How C.S. Lewis Used Aliens to Show Humanity’s Failings

How C.S. Lewis Used Aliens to Show Humanity’s Failings February 13, 2016

Image courtesy of Wikipedia
Image courtesy of Wikipedia

[Editor’s Note: This essay is Part 1 of a series on C.S. Lewis’ Space Trilogy, beginning with Out of the Silent Planet. Look for upcoming analysis of Perelandra and That Hideous Strength, both of which prove to be just as fruitful when read along side John Paul II!]

Would you baptize an extraterrestrial?

This highly speculative question has received surprisingly high-profile attention. It was the title of a 2014 book by Guy Consolmagno and Paul Mueller, two Vatican Observatory astronomers. Later in 2014, Pope Francis answered their question in the affirmative (provided the alien asked first). “Who are we to close doors?” he characteristically wondered.

“But C.S. Lewis, in 1938’s ‘Out of the Silent Planet,’ preempted them all. The first book in Lewis’ Space Trilogy,’ ‘Out of the Silent Planet’ tells the story of Elwin Ransom, a philology professor (and Lewis stand-in) who travels to the planet Malacandra (Mars)–albeit against his will. For he is the captive of two men: Dr. Weston, who thinks man’s achievements justify the conquest of other worlds, and Dick Devine, his more straightforwardly power-hungry assistant.”

Complications arise upon arrival; learning his captors mean to sacrifice him to native life, Ransom flees at his first chance. Yet Ransom learns on Malacandra that its inhabitants would reject a sacrificial offering, for they are rational, soul-bearing creatures from whom mankind could learn. Ransom’s journey both shows what mankind might have been and critiques what it has become instead. The lessons Lewis imparts, moreover, cohere with the principles of John Paul II’s Theology of the Body.

Though initially fearing Malacandra’s creatures, Ransom eventually sees in their prelapsarian holisticness–what John Paul II would call original innocence–lessons for fallen man. Ransom first comes to know hrossa, friendly, bipedal, seal-like creatures whose acceptance of their planet’s natural order he comes to admire. The first hross Ransom encounters shocks him; he assumes it irrational. But an intergalactic lingual courtship, which Ransom analogizes to “the meeting of the first man and the first woman in the world,” echoing the centrality of the Creation narrative to the Theology of the Body, steadily reveals it to possess speech, reason, and innocence “as though Paradise had never been lost and earliest dreams were true.”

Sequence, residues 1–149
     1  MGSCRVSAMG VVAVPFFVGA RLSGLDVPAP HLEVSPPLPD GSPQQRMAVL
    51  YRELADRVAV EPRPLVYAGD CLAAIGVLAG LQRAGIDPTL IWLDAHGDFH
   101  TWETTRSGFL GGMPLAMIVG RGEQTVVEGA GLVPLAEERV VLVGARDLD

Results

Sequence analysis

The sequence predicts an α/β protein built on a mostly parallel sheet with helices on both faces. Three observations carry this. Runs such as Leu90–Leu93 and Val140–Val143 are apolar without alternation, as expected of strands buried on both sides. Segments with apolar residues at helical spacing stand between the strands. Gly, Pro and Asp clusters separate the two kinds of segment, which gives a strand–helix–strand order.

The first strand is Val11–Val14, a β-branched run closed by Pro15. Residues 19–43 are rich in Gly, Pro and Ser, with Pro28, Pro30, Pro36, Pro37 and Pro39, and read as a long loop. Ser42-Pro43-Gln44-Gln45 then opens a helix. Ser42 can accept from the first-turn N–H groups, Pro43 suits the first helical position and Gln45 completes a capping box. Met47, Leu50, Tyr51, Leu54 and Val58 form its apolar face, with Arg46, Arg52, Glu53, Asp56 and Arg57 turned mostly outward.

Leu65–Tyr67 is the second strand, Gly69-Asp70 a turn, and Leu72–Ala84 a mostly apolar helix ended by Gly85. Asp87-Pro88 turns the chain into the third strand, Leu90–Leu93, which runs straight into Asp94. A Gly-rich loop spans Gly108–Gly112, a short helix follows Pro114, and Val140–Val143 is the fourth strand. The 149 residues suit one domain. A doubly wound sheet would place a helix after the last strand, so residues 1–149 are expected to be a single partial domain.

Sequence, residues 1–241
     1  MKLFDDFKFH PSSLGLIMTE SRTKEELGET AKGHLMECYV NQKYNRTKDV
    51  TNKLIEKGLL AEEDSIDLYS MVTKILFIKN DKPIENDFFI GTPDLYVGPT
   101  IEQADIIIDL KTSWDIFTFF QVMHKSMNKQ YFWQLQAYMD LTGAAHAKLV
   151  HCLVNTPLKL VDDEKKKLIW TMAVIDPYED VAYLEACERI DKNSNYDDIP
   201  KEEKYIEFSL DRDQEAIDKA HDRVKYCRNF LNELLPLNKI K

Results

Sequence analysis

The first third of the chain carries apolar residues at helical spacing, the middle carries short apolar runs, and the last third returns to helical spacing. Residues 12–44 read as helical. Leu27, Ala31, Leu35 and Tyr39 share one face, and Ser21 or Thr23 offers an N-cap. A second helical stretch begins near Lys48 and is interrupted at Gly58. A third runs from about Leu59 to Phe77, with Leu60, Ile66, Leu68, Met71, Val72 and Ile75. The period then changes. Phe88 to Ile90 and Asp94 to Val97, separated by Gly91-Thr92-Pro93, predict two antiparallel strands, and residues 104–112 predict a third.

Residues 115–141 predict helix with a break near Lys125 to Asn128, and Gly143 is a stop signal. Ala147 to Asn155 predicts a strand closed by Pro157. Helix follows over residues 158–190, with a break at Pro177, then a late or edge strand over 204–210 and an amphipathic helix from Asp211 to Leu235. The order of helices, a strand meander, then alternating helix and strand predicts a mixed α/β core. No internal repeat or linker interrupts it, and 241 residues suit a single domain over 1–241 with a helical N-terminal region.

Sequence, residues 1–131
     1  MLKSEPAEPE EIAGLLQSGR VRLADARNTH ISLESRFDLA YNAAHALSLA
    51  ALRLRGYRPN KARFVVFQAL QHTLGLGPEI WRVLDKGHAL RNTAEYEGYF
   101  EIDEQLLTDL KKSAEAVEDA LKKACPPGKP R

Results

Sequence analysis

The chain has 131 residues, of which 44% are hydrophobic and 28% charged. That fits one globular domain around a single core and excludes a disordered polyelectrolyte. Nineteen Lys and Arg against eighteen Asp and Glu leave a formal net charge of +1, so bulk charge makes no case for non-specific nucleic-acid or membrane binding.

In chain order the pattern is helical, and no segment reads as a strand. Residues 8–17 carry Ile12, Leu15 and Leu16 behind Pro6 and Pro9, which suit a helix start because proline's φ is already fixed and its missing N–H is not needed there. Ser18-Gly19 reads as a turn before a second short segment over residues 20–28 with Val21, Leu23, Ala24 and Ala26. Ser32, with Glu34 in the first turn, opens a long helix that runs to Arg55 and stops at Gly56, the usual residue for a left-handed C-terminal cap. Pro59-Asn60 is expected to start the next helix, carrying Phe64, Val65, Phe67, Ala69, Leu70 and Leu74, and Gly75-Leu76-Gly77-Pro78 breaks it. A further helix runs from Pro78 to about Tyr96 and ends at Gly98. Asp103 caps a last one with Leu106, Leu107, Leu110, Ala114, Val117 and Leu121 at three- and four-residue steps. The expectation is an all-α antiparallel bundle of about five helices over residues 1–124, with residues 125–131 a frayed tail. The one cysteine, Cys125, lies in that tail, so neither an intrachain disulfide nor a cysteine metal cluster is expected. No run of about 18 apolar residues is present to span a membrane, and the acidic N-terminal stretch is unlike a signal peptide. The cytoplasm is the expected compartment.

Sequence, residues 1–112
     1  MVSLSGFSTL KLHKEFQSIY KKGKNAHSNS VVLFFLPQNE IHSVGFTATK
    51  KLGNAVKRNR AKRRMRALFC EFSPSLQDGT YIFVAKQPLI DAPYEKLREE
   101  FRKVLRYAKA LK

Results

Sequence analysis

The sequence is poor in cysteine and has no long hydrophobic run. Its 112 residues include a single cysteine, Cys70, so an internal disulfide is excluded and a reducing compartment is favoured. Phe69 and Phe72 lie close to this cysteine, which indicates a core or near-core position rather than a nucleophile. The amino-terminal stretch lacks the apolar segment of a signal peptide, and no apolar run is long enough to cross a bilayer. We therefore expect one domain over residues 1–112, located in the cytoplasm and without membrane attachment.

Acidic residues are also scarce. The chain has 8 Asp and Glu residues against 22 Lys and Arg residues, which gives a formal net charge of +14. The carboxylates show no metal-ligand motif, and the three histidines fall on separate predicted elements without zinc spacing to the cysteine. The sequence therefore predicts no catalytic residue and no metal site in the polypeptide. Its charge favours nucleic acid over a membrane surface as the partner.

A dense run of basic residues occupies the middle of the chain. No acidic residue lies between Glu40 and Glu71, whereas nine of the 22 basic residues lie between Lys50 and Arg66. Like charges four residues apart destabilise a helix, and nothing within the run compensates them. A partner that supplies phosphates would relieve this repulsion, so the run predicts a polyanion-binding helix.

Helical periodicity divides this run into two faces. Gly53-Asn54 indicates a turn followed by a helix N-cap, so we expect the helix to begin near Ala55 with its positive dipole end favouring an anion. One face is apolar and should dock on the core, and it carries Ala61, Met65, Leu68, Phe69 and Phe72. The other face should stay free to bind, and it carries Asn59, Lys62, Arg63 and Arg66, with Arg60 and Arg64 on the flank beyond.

As Ransom spends more time among the hrossa, he accepts they may have something to teach mankind. Speaking with one hross about its species’ contentment with monogamy compels Ransom to wonder if they ever desire pleasures they cannot have, or long for what has passed. The hross’ reply bespeaks a fundamental contentment with a natural order that has avoided Earth’s corruption. Hrossa long not for what they cannot or no longer have because “[a] pleasure is full grown only when it is remembered. You are speaking…as if the pleasure were one thing and the memory another. It is all one thing.” Hrossa treat all aspects of reality, not just memory, with the same gratitude, supremely satisfied with what Malacandra provides. This attitude recalls the original innocence of man, the state of mutual self-gift in which he existed before the Fall, that John Paul II describes in the Theology of the Body. The profound deference to Malacandra’s naturally-ordained order inspires Ransom, compelling him to reconsider his own relation to these creatures. Though initially “haunted by a conscientious scruple as to whether it might not be his duty to undertake their religious instruction,” after spending sufficient time among them, Ransom realizes “it was not they, but his own species, that were the puzzle” for having forsaken innocence. Ransom need not teach the hrossa; they, instead, teach him.